How Can I Tell If My Hemorrhoids Are Infected
Itching, swelling, and pain related to a bowel movement, the typical symptoms of hemorrhoids, are likely to occur with an infection. In addition, you may have a fever and redness around the anus, and the pain will likely get worse even after youve treated the area. See a doctor right away to confirm whether your hemorrhoids are infected and to start treatment.
Minimally Invasive Hemorrhoid Treatments
Sometimes, you may find that the hemorrhoids cannot be managed using conservative treatment because you have symptoms that have persisted for a longer period or there is prolapse of internal hemorrhoids. Minimally invasive treatments tend to be less painful compared to the traditional removal of hemorrhoids through hemorrhoidectomy. The procedures also allow for quicker recovery and they are performed as an outpatient surgery or in surgeons office.3,5
Blood In Your Stool Can Be A Warning Sign
If you notice blood in your stool on a regular basis, you might need to see your doctor. Blood can be a warning sign of colorectal cancer or polyps. Of course, blood in the stool can also be caused by anal fissures or hemorrhoids. Either way, its still worth getting checked out. However, if you notice blood in your poop and youre experiencing fever, chills, or weight loss, this can be troubling. When these symptoms are paired together, its considered a high alert signs for a bowel disorder.
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Your Internal Hemorrhoid Problem
Visit your doctor to learn more about this issue and discuss the treatment approach that’s right for you. To find a local colorectal specialist, try our Find a Doctor database.
As with all medical issues, your physician is the ultimate source as to what procedure best fits your needs. Discuss all options and get a second opinion if you have any doubts. These articles are intended to be a source of general information only.
Do I Need To See A Doctor
Its best to see a doctor if youre noticing blood. While it could be due to a hemorrhoid, it could also be a sign of something more serious, such as colorectal cancer.
A doctor will likely start by confirming that hemorrhoids are the source of the blood youve noticed. To do this, theyll either examine the area for external hemorrhoids or insert a gloved finger to check for internal hemorrhoids.
If its still not clear where the bloods coming from, they may recommend a colonoscopy, which involves inserting a small, lighted camera into your colon while you are sedated. This will help them check for any signs of other conditions that could be causing the bleeding.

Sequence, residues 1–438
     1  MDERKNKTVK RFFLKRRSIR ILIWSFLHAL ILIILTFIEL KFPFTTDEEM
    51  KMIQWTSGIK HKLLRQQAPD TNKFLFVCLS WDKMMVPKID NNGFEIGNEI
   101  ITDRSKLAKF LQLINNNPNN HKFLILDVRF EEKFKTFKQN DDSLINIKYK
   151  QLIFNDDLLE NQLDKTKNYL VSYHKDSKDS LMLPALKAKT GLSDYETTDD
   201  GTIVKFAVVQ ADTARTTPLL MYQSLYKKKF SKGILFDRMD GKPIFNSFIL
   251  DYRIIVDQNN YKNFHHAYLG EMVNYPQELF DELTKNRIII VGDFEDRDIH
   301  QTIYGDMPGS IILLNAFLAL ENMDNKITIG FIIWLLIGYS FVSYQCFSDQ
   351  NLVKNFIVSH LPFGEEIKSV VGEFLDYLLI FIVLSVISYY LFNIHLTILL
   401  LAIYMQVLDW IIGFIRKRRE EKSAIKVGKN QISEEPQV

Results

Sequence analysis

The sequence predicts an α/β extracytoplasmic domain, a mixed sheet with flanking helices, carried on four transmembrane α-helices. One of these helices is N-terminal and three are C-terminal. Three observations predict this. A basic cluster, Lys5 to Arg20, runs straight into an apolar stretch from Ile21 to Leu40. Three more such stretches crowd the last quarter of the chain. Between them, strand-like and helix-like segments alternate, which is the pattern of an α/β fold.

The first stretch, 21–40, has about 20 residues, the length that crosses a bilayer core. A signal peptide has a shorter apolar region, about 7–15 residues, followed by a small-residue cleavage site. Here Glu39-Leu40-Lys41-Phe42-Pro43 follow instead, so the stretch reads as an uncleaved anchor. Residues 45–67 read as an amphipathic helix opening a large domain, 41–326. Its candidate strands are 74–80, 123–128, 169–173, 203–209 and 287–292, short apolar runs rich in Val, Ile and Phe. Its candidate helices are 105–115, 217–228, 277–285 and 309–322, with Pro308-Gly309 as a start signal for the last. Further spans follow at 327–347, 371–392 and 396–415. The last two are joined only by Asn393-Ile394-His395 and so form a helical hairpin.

Make sure to tell them if you have any of the following symptoms in addition to bleeding:
- changes in stool consistency or color
- changes in bowel movement habits
- weight loss
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When To Seek Medical Advice
See your GP if you have persistent or severe symptoms of haemorrhoids. You should always get any rectal bleeding checked out, so your doctor can rule out more potentially serious causes.
The symptoms of haemorrhoids often clear up on their own or with simple treatments that can be bought from a pharmacy without a prescription . However, speak to your GP if your symptoms don’t get better or if you experience pain or bleeding.
Your GP can often diagnose haemorrhoids using a simple internal examination of your back passage, although they may need to refer you to a colorectal specialist for diagnosis and treatment.
Some people with haemorrhoids are reluctant to see their GP. However, theres no need to be embarrassed, because GPs are very used to diagnosing and treating haemorrhoids.
Read more about diagnosing haemorrhoids.
Easy Ways To Prevent Hemorrhoids
There are a number of easy, healthy ways to incorporate more fiber into your diet. Fiber-filled foods include fruits such as berries, avocados, and pears . Broccoli, artichokes, and Brussels sprouts are among the vegetables that can up your fiber intake. Whole grains, such as brown rice, quinoa, and oatmeal, are also an important source. Legumes, including lentils, various beans, and green peas, are a great way to get fiber. Nuts and seeds make for a great fiber-filled snack, too.
If you’re having trouble getting enough fiber in your regular diet, consider a fiber supplement.
If you experience chronic constipation and suspect that may be contributing to your hemorrhoids, avoid eating too many foods that contain little or no fiber, such as cheese and fast and processed foods.
Drink plenty of water and other fluids. Recommendations for daily water intake vary and depend on the individual, but the Institute of Medicine of the National Academies has set adequate intake levels at 2.7 liters for men and approximately 3.7 liters for women. This can come from beverages and food, but caffeinated beverages and alcohol can be dehydrating and should not be counted in reaching this intake goal.